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Financial Stability Board Releases Guidance on Risk Culture

Reading Time 6 minute read

Financial Institutions Bulletin

The Financial Stability Board (FSB) recently released for consultation a paper entitled “Guidance on Supervisory Interaction with Financial Institutions on Risk Culture” (the “Risk Culture Guidance”). This is the latest in a series of publications relating to risk governance and management released by the FSB following the global financial crisis. The FSB has invited comments on the Risk Culture Guidance by January 31, 2014.

In its introduction, the Risk Culture Guidance discusses “outcomes-based supervision” and comments that supervision is not only to ensure compliance with rules but also with spirit. The Guidance states that an institution’s risk culture is at the crux of an outcomes-based approach to supervision.

The Risk Culture Guidance is a thoughtful and content-rich treatment of the subject and is an important extension of previous developments regarding risk management. The Guidance is consistent with OSFI’s approach to corporate governance and risk management and we think it is very likely that the principles discussed in the Guidance will inform OSFI’s approach to supervision and regulation, and may be addressed in future guidance published by OSFI. In light of the foregoing, and given the centrality of risk management in today’s regulatory environment, Canadian financial institutions should pay close attention to the Risk Culture Guidance.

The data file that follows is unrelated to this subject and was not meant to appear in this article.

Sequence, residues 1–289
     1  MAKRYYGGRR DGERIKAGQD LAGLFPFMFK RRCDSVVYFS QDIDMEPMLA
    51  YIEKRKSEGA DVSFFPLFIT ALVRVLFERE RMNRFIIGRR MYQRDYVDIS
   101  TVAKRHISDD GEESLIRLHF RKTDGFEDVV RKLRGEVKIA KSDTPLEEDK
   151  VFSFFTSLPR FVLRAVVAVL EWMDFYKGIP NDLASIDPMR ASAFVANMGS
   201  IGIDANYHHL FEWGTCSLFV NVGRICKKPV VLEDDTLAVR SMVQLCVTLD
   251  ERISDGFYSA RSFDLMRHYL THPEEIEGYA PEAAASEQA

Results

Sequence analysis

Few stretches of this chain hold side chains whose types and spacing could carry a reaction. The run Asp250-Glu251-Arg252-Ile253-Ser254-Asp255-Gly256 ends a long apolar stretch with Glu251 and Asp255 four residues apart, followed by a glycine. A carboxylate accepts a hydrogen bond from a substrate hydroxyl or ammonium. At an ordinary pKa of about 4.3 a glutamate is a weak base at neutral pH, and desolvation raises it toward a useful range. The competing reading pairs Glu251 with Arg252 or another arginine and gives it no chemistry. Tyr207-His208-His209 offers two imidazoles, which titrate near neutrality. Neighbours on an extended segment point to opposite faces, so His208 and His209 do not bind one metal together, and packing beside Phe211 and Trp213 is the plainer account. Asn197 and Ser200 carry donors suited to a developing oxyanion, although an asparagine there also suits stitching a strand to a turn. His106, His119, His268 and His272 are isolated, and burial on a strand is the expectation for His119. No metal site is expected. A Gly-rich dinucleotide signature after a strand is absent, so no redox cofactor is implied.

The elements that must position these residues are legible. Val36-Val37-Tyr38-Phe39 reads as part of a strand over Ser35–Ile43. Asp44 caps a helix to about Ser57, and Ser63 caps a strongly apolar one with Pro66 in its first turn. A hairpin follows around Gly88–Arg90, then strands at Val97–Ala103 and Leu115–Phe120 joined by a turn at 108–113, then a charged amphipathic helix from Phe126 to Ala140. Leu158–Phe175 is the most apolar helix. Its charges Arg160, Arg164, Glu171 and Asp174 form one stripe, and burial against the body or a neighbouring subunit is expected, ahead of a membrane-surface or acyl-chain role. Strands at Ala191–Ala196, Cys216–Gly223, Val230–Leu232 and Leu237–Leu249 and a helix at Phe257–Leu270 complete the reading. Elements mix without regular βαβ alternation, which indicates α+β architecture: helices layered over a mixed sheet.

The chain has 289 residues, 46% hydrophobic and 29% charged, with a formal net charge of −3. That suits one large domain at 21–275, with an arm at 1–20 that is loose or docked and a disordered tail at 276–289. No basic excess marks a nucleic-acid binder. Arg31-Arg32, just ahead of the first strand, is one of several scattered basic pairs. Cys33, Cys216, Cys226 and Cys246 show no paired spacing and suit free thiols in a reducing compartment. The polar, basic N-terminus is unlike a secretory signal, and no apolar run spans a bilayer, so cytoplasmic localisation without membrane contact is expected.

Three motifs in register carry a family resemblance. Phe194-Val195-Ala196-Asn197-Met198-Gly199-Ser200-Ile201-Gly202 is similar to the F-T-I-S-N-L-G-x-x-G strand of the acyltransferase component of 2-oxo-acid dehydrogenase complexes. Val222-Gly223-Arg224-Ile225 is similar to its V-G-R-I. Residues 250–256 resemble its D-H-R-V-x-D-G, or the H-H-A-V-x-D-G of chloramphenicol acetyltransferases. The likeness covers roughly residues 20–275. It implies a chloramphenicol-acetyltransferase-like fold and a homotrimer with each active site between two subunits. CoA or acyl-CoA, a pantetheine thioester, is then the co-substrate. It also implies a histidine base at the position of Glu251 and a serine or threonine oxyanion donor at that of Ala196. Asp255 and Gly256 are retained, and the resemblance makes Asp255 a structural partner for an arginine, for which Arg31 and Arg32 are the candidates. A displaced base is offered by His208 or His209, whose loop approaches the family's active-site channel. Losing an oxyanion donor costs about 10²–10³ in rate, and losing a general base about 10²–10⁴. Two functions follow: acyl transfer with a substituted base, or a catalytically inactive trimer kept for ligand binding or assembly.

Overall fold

Foundational Elements of a Sound Risk Culture

Risk culture has been defined as “…the norms and traditions of behavior of individuals and of groups within an organization that determine the way in which they identify, understand, discuss, and act on the risks the organization confronts and the risks it takes.”[1] The Risk Culture Guidance identifies three foundational elements relating to a sound risk culture:

  1. Risk Governance - this involves addressing the roles and responsibilities of the Board, the Chief Risk Officer (“CRO”) and the risk management function, and the independent assessment of the risk governance framework. In this regard, the importance of the separation of risk oversight functions from management and separate budgets, resources and reporting lines for risk oversight functions was also noted.
  2. Risk Appetite - this involves an effective risk appetite framework, an effective risk appetite statement, risk limits and defining the roles and responsibilities of the Board and senior management with respect to the risk appetite statement. This assumes institutions have the processes to create their strategy and plans and models and systems to measure and aggregate risks.